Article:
Comments about ‘Community celebrates anti-discrimination successes at Capitol’

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Published: Wednesday, March 13 2013 8:06 p.m. MDT

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worf
Mcallen, TX

In all my life, I have never found it to be fair. You learn to deal with it. I was almost denied a police job because of being short, but got it by out witting the competition. You learn to do, and survive. Unfairness come in many forms.

Like a child crying to mommy, we have a group of people whining to government because things are not fair.

How pathetic, and lazy.

Tolstoy
salt lake, UT

@Worf
You are right comparing an act of discrimination to a child crying for their mother is pathetic .

Tolstoy
salt lake, UT

@worf
So if the lgbt community "outwit" "their oppressors and get laws outlawing discrimination then you will be fine with it right?

worf
Mcallen, TX

@Tolstoy--how do you legislate something like this without taking away freedoms? Right or wrong, a landlord should be able to decide who he/she rents out to, or a business owner deciding who to hire. It's American freedom.

Out witting means,--creating your own businesses, and hire, or rent to whom ever you want. Why set the state, or feds as referees?

Everyone gets discriminated at some point in their lives. Nothing new. It's human nature that we deal with, and crying about it to the state only makes it worse.

Ain't got time for dat!

amazondoc
USA, TN

@worf --

"@Tolstoy--how do you legislate something like this without taking away freedoms? Right or wrong, a landlord should be able to decide who he/she rents out to, or a business owner deciding who to hire."

The very same argument was used years ago by the people who fought to maintain racial segregation. Equal rights means **equal rights for all** -- not just for people you happen to like. And yes, landlords CAN decide to whom they want to rent -- they just have to use REAL reasons for their decisions, not reasons based on bigotry. The only "freedom" anyone is taking away is the freedom to discriminate against others -- and that isn't one of the freedoms protected in the US Constitution.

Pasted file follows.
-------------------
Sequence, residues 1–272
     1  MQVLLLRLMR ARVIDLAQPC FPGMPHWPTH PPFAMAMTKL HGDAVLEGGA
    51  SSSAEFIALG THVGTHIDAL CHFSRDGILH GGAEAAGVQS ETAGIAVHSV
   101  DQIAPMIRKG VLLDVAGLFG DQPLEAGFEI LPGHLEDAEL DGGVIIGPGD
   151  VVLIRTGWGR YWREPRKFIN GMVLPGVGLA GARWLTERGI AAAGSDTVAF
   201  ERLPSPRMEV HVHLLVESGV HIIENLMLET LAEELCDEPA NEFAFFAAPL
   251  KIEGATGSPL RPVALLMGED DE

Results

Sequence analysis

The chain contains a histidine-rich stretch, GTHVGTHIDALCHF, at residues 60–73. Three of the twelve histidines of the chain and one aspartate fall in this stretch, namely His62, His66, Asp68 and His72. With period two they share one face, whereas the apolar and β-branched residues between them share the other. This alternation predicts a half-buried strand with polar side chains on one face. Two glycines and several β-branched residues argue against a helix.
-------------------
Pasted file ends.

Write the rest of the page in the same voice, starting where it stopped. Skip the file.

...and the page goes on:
"I was almost denied a police job because of being short, but got it by out witting the competition."

Being short has concrete, measurable consequences for the performance of police duties. Just as being extremely tall would in the military (my own brother was ineligible for military service because he's too tall). In contrast, being homosexual does not. That's why height is a valid criterion for hiring in some jobs, while sexual orientation isn't.

xscribe
Colorado Springs, CO

By Worf's argument, we should be able to go back to segregation: Any business owner should be able to deny access to their establishment based on race alone!

worf
Mcallen, TX

@xscribe--amazondoc---you're talking about coveting.

If you deny me access to your bank account, automobile, house, or food, then you're a bigot. I have a right to your stuff, because I'm broke, starving, and you can't deny me.

Housing, or a business, are owned by a person. It's that persons decision (not government) on what to do with it.

The laws are wrong here, and un-American.

amazondoc
USA, TN

@worf --

"@xscribe--amazondoc---you're talking about coveting."

Nope, we're talking about discrimination. It doesn't matter whether you believe me. Just look up some of the Supreme Court cases dealing with racial discrimination in housing, for instance Shelley v. Kraemer (1948) and Jones v. Mayer Co. (1968). This isn't some newfangled idea we're talking about here -- the anti-discrimination principle was established many decades ago.

The 1968 Supreme Court case in particular specifically confirmed that "all racial discrimination, private as well as public, in the sale or rental of property" is illegal.

Also in 1968 Congress passed the Federal Fair Housing Act, which further banned housing discrimination based on "race, color, religion, sex, national origin, familial status or handicap".

You said: "The laws are wrong here, and un-American."

The anti-discrimination laws conform with the US Constitution, as affirmed by the US Supreme Court. You can't get much more American than that.

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